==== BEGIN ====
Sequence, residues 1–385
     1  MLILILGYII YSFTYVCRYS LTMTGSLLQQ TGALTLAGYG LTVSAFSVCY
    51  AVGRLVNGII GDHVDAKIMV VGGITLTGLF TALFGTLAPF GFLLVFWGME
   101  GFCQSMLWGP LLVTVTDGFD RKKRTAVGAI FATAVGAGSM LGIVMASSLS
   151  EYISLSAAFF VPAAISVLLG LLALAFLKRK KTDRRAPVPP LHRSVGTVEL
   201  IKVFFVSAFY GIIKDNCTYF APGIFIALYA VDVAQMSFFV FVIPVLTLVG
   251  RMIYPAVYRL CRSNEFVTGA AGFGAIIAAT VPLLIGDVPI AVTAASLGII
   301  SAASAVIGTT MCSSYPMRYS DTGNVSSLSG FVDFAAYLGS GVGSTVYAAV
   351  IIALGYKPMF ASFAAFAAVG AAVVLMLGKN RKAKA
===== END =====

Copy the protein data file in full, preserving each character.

Sequence, residues 1–385
     1  MLILILGYII YSFTYVCRYS LTMTGSLLQQ TGALTLAGYG LTVSAFSVCY
    51  AVGRLVNGII GDHVDAKIMV VGGITLTGLF TALFGTLAPF GFLLVFWGME
   101  GFCQSMLWGP LLVTVTDGFD RKKRTAVGAI FATAVGAGSM LGIVMASSLS
   151  EYISLSAAFF VPAAISVLLG LLALAFLKRK KTDRRAPVPP LHRSVGTVEL
   201  IKVFFVSAFY GIIKDNCTYF APGIFIALYA VDVAQMSFFV FVIPVLTLVG
   251  RMIYPAVYRL CRSNEFVTGA AGFGAIIAAT VPLLIGDVPI AVTAASLGII
   301  SAASAVIGTT MCSSYPMRYS DTGNVSSLSG FVDFAAYLGS GVGSTVYAAV
   351  IIALGYKPMF ASFAAFAAVG AAVVLMLGKN RKAKA